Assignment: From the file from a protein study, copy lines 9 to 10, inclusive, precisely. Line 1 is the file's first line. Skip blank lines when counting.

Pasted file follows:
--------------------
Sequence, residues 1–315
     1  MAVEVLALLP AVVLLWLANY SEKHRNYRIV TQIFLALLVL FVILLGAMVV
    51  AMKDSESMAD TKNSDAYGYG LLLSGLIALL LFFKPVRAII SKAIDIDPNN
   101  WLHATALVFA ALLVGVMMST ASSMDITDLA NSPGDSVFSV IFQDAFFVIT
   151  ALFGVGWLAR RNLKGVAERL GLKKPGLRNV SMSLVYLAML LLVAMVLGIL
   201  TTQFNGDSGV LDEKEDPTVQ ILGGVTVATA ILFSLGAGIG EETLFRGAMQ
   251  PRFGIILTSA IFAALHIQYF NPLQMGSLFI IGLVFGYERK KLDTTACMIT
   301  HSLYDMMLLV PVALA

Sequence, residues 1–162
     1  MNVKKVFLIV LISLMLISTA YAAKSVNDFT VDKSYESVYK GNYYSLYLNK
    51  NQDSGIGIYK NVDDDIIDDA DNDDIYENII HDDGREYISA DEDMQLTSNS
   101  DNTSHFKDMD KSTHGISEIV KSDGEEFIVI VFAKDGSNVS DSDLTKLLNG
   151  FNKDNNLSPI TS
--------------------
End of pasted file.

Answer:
Sequence, residues 1–162
     1  MNVKKVFLIV LISLMLISTA YAAKSVNDFT VDKSYESVYK GNYYSLYLNK